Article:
Relics, by Tim Lebbon

51g-uUmUlbL._SX304_BO1,204,203,200_ (1)In a world where cyclops, satyrs and nymphs are as real as the dinosaurs of the past, Relics is another creative take on the folklore and myths famous throughout humanity.

The novel follows the story of a young couple, whose comfortable lives are soon thrown ever deeper into an underground world unknown to most, where ‘relics’ remembered only in tale and lore are discovered to be only all too real. Curiosity soon turns into a fight for survival, as Angela and Vince are balanced between a fantastical world and the devastating greed of mankind.

The modern age hosts a plethora of classical mythical beings cast in a variety of ways, and Relics is certainly another example of this. Whilst the premise of the narrative is entertaining enough, the ingenuity and style required to make such a classically-fueled novel truly stand out was however somewhat lacking. With a number of clich├ęs and some slightly forced background additions to the narrative, Relics was unfortunately missing the lustre needed to take it a level above.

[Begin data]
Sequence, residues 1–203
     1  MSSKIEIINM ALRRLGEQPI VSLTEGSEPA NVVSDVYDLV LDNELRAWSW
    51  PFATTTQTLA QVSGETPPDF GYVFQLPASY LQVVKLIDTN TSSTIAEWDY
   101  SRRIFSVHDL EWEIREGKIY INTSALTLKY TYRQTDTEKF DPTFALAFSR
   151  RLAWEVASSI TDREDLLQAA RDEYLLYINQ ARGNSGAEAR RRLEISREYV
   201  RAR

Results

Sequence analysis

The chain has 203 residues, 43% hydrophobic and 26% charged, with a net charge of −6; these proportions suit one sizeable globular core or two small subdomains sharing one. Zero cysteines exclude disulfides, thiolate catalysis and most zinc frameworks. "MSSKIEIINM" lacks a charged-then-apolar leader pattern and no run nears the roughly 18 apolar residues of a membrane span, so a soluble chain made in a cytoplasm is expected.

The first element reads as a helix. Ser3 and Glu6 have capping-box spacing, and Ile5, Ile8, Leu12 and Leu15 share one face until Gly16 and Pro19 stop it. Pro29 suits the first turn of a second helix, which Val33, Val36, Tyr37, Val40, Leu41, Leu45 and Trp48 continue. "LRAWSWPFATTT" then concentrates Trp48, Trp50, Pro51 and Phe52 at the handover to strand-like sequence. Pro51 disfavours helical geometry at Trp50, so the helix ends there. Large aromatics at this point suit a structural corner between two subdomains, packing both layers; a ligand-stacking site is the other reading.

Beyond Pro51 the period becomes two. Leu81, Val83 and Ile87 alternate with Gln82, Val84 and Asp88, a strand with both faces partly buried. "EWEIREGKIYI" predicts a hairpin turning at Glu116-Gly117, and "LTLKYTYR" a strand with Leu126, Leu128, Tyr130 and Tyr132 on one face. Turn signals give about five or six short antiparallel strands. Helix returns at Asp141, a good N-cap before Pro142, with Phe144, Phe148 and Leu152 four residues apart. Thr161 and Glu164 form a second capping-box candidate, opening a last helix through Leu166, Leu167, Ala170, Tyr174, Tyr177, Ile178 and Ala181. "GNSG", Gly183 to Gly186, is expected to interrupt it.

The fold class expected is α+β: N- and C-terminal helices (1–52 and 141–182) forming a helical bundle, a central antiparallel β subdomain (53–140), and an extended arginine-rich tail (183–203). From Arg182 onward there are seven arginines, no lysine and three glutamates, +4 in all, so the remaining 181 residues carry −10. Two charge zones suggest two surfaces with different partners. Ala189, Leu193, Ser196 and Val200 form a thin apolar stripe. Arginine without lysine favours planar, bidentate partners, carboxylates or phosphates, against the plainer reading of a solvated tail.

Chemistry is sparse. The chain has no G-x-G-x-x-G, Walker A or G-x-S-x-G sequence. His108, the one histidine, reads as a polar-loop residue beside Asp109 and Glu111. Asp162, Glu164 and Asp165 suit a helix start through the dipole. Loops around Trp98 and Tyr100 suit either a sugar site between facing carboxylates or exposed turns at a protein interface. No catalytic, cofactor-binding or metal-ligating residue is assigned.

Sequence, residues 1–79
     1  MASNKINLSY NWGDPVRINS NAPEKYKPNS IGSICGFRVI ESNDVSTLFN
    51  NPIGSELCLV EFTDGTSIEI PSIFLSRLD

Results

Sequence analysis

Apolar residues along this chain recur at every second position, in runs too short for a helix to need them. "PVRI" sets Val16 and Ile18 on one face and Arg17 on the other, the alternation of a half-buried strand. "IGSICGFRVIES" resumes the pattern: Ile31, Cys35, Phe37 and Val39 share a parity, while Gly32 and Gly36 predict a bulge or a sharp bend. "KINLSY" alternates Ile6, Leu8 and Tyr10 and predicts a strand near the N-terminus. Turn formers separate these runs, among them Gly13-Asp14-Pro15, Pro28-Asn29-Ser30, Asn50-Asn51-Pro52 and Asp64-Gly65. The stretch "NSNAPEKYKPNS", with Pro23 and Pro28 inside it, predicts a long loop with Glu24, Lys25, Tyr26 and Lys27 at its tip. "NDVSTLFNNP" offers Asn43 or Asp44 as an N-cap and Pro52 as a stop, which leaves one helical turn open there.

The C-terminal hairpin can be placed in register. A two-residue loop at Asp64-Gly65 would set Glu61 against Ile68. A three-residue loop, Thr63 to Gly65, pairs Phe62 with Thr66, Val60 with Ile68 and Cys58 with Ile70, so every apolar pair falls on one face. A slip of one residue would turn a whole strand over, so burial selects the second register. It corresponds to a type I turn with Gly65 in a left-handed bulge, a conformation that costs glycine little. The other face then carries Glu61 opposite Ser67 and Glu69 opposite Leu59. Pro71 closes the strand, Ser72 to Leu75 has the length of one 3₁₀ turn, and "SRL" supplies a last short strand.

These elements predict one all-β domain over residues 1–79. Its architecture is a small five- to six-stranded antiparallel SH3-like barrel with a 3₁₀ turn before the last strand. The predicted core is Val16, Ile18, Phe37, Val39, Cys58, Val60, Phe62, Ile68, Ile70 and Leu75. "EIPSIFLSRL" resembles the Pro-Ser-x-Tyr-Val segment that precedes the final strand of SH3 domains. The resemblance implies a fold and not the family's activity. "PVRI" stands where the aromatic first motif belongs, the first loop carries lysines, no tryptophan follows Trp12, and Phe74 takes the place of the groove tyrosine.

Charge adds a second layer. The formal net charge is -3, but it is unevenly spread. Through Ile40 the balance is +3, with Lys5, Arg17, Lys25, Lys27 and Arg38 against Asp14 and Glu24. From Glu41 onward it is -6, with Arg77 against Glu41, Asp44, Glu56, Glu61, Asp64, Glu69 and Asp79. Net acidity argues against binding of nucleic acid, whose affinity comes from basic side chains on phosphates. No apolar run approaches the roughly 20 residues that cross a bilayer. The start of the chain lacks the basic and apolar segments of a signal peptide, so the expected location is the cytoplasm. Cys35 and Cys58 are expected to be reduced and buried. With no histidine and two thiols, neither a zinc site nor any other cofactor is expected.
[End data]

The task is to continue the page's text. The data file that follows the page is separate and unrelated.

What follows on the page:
Despite this, with plenty of action and a few twists and turns, Relics is still an enjoyable and creative read, told at a pace that will hold your interest from start to finish.

Length: 384 (Titan)

Overall Rating: 2.5 stars

 

The Time Traveller, by H. G. Wells

A short yet delightful classic, written with all the civility expected of a victorian gentlemen, The Time Machine is science fiction at one of its earliest beginnings. Though the novel could certainly have been longer, there are still enough philosophical thoughts and strange imaginings to provide an enjoyable few hours of entertainment.

 

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